Imperial to advise UN Economic and Social Council on reducing world inequalities

by , ,

Katharina Hauck

Professor Katharina Hauck

Imperial has been awarded consultative status at the UN Economic and Social Council (ECOSOC).

The new status will see Imperial’s community closely engage with ECOSOC to contribute towards policymaking, hold joint events with the UN, and advance the Sustainable Development Goals through research and collaboration.

The UN’s ECOSOC coordinates the economic, environmental, social, and related work of the 15 United Nations specialised agencies.

As part of Imperial’s new relationship with ECOSOC, the Global Development Hub held an event with the UN Partnership Forum about upscaling partnerships during the global recovery from the COVID-19 pandemic.

The panel discussion will inform key recommendations that will be presented to leaders at the UN Secretariat.

The COVID-19 pandemic saw an urgent need for global partnerships to rapidly manage and mitigate the spread of the virus.

During the pandemic, Imperial engaged with governments, researchers, and public health agencies to work towards solutions, both in terms of health impacts, and other aspects of life and society.

Prof Sarah Fidler
Professor Sarah Fidler chaired the virtual event

Professor Sarah Fidler, Professor of HIV and Communicable Diseases and Co-Chair of the Global Development Hub, moderated the UN Partnership Forum event.

Professor Fidler said: “The Global Development Hub is an ambitious initiative focusing on leveraging research and educational expertise in science, technology, medicine, and business to impact on sustainable development challenges faced by the most vulnerable and marginalised people in societies where multiple global challenges are acutely concentrated.

“As an organisation with consultative status with ECOSOC, we recognise the importance of bringing together partners from difference disciplines to work together with end-users and policymakers.”

Pandemic inequalities

Marisa Miraldo
Professor Marisa Miraldo

The academics and experts explored how the COVID-19 pandemic and the policies in place impacted different socioeconomic groups, with those already experiencing housing, food, and financial-related insecurities being the hardest hit.  

Professor Marisa Miraldo: Professor in Health Economics and Policy, explained how these inequalities grew as a result of siloed policies promoting health or economic prosperity, which in turn, neglected the importance of people’s living and working conditions, their lifestyles, as well as their social networks.

People whose jobs did not allow them to work remotely were impacted more.

Professor Miraldo advocates for “whole-of-society and whole-of-government” approaches to better incorporate the complexity of social, economic, and health outcomes and effectively inform personalised and adaptive interventions.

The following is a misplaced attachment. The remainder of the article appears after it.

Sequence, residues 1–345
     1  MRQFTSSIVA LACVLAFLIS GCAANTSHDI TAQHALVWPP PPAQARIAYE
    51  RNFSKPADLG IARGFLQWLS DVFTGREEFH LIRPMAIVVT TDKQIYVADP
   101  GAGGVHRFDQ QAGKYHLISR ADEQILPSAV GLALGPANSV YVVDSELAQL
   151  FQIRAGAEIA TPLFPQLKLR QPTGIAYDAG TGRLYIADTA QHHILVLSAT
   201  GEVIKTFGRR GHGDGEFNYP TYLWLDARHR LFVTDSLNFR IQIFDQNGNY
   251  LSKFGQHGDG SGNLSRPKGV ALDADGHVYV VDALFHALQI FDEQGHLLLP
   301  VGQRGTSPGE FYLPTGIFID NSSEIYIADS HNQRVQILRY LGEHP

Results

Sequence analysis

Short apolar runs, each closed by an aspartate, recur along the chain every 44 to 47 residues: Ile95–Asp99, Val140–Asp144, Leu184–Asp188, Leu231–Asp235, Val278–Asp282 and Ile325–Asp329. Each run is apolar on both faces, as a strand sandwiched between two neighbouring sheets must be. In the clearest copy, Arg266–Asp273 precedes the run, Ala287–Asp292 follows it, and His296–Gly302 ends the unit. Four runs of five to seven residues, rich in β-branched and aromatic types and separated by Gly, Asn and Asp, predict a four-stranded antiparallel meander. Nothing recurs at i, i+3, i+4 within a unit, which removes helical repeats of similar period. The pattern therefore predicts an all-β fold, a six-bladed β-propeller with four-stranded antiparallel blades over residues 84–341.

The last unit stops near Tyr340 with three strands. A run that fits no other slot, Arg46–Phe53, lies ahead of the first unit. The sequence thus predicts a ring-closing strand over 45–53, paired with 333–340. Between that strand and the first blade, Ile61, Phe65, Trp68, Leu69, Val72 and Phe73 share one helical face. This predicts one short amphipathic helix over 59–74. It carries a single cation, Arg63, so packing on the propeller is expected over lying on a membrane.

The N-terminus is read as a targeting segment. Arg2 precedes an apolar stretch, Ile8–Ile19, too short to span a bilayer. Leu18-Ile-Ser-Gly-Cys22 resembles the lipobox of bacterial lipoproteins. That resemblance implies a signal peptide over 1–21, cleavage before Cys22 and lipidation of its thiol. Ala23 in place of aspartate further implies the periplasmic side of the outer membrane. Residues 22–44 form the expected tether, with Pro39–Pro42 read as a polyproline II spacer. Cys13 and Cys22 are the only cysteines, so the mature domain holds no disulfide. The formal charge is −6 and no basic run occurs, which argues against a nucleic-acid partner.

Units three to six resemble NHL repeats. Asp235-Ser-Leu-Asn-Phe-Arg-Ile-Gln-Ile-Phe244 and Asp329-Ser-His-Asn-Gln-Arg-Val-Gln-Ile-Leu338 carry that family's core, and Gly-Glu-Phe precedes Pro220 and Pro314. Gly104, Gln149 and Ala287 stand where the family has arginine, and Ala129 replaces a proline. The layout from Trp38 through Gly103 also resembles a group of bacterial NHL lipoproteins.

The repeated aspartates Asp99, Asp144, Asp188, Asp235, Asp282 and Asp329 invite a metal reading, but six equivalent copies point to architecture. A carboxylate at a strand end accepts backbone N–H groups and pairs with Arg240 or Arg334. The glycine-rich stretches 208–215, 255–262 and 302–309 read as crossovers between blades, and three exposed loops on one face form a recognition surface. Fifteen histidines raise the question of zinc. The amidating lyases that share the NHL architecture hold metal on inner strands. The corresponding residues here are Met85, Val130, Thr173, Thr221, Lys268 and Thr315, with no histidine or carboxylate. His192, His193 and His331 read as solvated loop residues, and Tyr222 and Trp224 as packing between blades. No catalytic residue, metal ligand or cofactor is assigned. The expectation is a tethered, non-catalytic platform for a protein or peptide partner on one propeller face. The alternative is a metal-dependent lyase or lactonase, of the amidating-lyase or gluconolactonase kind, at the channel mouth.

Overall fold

Science and innovation to fight global health emergencies

During the pandemic, modelling became a key tool to inform global and societal decisions.

Professor Katharina Hauck: Professor in Health Economics and Deputy Director of the Jameel Institute, presented the DAEDALUS model developed at the Jameel Institute, which combines epidemiological and economic factors.

This played a vital role in advising policymakers in a lower-middle income country in South-East Asia to extend its national lockdown as opposed to reopening the economy, as well as in promoting Indonesia’s first booster vaccination campaign.

The model has also been used to evaluate different hypothetical scenarios of pandemic preparedness, such as a Spanish flu outbreak in Singapore.

However, Professor Hauck emphasised that “science changes as circumstances change, and science is trial and error”, and there is a need to better communicate this to the public to avoid reducing trust in science.

Alex Bond (Left)
Alex Bond (left) CEO of Fresh Check

The value of collaboration was also highlighted by Alex Bond, Co-Founder and CEO of Fresh Check and an Imperial alumnus, who recounted how Fresh Check developed a local supply chain using multiple networks providing financial, manufacturing, and technical expertise. These were fundamental in launching their hygiene-verifying swab at a time when global supply chains were disrupted.

Engage with Imperial's Global Development Hub and UN's ECOSOC

If you want to engage with Imperial's Global Development Hub or the UN's ECOSOC, you can find out more information and details of how to get in touch with the team here.


Jaclyn Estrin

Jaclyn Estrin
International Relations Office

Click to expand or contract

Contact details

Show all stories by this author

Marta Cortesi

Marta Cortesi
Centre for Languages, Culture and Communication

Stephen Johns

Stephen Johns
Communications Division

Click to expand or contract

Contact details

Tel: +44 (0)20 7594 9531

Show all stories by this author


International, Research, Coronavirus, COVIDWEF, Health-policy, Global-Development-Hub
See more tags